Some organizations have also approached my office in their bid to enhance the level of research and focus on science and technology in our country. Considered then as one of the stumbling blocks was the inadequate budget of the Department of Science and Technology (DOST), particularly R&D, since almost all government departments have R&D components in their operations. That has been addressed, the DOST budget has increased considerably in the last few years. In fact, DOST is among the top 10 departments under the Executive Branch with the biggest budgets—as it should.

But, it was also pointed out to me by the National Research Council of the Philippines (NCRP) that while the budget allocation has continually increased, its percentage share in the country’s gross domestic product (GDP) has not even reached one per cent. It stands at around 0.09% of our GDP, which is very low compared to our neighboring countries. Malaysia spends 0.63% of its GDP for research; Thailand, 0.25% and Taiwan. 2.3%.

So, it is good that there are other organizations and institutions which provide the much-need training and extension support. And we encourage more private sector participation in the areas of R&D as well as science and technology.

As a legislator, there is also a conscious effort on my part to make sure that my proposed bills in the Senate have a provision or component that will support training, education, mechanization, research and development (R&D) among others.

In legislating laws, implementing projects, and carrying out my other advocacies, it really an important realization that the concerns and challenges confronting us are interconnected and the steps and solutions that we need to implement are also interlinked.

Another good example of that interconnectedness is between fisheries and food security and marine biodiversity and pollution.  There is a warning that by 2050, our oceans may become “virtual deserts” if we continue to fish the way we do, without allowing our oceans time to recover.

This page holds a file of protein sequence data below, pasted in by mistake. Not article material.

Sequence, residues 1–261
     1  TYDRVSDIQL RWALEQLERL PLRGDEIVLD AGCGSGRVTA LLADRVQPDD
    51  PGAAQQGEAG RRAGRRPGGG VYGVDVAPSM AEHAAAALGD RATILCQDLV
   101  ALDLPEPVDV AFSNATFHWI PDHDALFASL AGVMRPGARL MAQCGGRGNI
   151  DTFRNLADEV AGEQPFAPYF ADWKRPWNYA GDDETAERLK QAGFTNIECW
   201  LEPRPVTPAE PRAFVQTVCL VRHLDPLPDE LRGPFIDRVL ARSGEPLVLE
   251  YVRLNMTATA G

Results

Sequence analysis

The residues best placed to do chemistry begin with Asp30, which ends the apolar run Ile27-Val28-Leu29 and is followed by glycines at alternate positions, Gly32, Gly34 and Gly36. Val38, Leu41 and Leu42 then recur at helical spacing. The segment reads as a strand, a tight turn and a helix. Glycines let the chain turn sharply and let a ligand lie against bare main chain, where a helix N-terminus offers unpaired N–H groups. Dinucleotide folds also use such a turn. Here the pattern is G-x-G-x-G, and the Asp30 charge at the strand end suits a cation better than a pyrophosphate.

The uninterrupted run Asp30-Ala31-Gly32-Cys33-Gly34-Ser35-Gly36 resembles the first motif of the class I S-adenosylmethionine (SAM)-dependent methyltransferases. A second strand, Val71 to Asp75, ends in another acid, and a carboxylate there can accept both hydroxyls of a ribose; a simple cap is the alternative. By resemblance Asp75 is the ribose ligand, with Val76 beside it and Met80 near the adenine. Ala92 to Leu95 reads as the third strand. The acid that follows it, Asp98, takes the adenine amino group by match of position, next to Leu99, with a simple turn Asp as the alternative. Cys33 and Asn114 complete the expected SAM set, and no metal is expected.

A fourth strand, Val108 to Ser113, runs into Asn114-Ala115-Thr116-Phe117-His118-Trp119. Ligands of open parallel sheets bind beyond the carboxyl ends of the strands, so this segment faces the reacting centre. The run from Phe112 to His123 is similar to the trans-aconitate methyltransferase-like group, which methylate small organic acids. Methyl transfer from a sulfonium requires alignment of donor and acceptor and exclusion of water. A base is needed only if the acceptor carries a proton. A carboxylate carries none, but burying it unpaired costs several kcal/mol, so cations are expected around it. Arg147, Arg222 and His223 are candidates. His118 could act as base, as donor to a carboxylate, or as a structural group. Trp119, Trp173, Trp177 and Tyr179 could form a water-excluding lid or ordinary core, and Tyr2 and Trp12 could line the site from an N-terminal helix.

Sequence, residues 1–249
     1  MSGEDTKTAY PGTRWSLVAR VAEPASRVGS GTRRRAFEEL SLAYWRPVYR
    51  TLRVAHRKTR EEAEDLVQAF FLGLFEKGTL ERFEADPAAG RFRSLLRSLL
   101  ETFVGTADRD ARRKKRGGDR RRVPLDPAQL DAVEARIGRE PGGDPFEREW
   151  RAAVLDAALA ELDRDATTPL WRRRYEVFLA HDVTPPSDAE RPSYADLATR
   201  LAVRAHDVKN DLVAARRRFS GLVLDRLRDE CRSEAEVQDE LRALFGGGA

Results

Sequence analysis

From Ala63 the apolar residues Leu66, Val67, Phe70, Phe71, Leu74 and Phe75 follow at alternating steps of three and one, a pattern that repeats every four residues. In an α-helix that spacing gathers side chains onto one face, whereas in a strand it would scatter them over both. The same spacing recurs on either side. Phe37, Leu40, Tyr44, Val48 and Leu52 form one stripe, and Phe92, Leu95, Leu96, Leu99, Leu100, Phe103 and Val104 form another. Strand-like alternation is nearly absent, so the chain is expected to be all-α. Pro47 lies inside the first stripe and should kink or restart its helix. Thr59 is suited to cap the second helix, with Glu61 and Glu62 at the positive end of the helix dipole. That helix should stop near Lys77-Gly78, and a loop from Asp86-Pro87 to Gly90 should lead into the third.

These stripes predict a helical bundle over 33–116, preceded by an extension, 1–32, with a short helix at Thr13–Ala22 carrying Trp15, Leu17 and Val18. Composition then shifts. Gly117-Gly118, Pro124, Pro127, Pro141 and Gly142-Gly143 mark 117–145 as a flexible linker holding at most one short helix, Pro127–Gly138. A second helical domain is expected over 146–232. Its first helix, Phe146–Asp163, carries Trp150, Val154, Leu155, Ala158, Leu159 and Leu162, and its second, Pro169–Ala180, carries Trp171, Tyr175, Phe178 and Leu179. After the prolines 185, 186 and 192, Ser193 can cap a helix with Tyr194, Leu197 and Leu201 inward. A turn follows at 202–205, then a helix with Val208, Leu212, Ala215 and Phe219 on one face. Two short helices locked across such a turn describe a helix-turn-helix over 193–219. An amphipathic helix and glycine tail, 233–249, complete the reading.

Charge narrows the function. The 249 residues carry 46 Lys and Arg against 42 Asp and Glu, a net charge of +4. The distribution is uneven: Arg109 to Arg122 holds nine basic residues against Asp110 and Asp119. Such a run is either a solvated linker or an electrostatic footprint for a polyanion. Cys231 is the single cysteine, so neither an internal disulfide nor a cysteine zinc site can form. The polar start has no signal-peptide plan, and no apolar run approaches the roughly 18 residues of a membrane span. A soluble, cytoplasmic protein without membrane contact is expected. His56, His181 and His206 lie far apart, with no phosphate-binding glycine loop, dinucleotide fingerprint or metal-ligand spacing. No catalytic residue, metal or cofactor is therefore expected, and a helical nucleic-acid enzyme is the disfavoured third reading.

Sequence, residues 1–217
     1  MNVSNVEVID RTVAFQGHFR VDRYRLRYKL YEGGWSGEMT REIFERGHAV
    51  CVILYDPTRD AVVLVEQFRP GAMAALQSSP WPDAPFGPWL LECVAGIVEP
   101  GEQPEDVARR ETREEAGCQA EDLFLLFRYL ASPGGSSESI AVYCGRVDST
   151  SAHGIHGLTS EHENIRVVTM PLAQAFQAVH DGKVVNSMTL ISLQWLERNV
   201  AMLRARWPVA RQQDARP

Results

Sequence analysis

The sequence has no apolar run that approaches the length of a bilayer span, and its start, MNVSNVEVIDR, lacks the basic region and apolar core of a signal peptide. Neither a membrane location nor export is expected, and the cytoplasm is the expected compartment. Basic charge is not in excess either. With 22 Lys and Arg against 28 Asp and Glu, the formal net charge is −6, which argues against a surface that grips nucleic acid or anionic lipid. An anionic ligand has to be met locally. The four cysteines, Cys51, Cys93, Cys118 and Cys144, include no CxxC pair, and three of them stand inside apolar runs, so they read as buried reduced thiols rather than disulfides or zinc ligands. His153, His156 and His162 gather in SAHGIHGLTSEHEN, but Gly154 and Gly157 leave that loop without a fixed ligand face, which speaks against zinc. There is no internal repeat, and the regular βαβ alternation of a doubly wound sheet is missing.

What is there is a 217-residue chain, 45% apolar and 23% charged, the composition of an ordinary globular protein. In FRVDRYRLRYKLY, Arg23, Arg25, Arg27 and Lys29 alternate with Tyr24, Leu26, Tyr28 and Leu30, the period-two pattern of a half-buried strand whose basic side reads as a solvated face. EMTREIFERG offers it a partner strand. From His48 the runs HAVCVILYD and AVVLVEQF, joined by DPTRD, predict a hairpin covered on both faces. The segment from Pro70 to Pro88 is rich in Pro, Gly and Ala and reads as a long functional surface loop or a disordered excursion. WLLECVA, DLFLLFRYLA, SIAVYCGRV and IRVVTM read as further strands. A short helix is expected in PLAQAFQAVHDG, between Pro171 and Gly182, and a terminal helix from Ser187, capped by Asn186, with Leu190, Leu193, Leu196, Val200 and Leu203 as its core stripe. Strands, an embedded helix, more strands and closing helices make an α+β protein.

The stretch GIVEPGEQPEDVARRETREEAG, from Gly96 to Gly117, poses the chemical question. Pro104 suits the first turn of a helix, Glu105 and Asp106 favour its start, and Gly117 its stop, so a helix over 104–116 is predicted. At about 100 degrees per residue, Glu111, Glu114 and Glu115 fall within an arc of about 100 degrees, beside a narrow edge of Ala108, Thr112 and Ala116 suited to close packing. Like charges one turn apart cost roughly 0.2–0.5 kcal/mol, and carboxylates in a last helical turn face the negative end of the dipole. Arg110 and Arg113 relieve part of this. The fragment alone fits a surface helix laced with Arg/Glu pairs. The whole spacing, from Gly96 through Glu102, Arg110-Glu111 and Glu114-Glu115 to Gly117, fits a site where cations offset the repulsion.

Concerns over overfishing have been raised worldwide. Globally, seafood forms a significant portion of the diet of more than three billion people.  So, that will affect food security as well. To make matters worse, there is also a forecast that by 2050, there may be more plastics in the sea than fish.

Overfishing of certain species, as many have pointed out, can also affect that health of coral reefs and the reef’s biodiversity. Better fisheries management and sustainable fishing methods are crucial.

A major legislative action that my committee put in place is the passage of Republic Act (RA) 10654 that amended our country’s 18-year-old Fisheries Code (RA 8550). I was the principal author and sponsor of R.A. 10654 (An Act to Prevent, Deter and Eliminate Illegal, Unreported and Unregulated Fishing). Personally, as principal sponsor of the measure, one of my main goals also is to balance the need to increase marine life production and the need to protect the sustainability and biodiversity of our oceans. Admittedly, one of the main problems in the fisheries sector is overfishing and illegal or destructive fishing practices.

That again blurs the line on whether a problem and the solution to it can be classified as strictly environmental because it affects, directly or indirectly, many other sectors. Having said that, the value of environmental science cannot be overemphasized as it provides solutions not only to the country’s environmental problems, but consequently it also addresses other very important issues and challenges such as food security. Our future and survival are also at stake.

So, there is no question about the value of environmental science. The question is in the extent of support and priority it gets and rightly deserves. The concerted efforts and collaboration of all the stakeholders are crucial. And PESA—as an organization that links the academe, government, private sector and others—is in a very good position to take the lead and is doing a good job at it. Rest assured of my support. Keep it up and more power!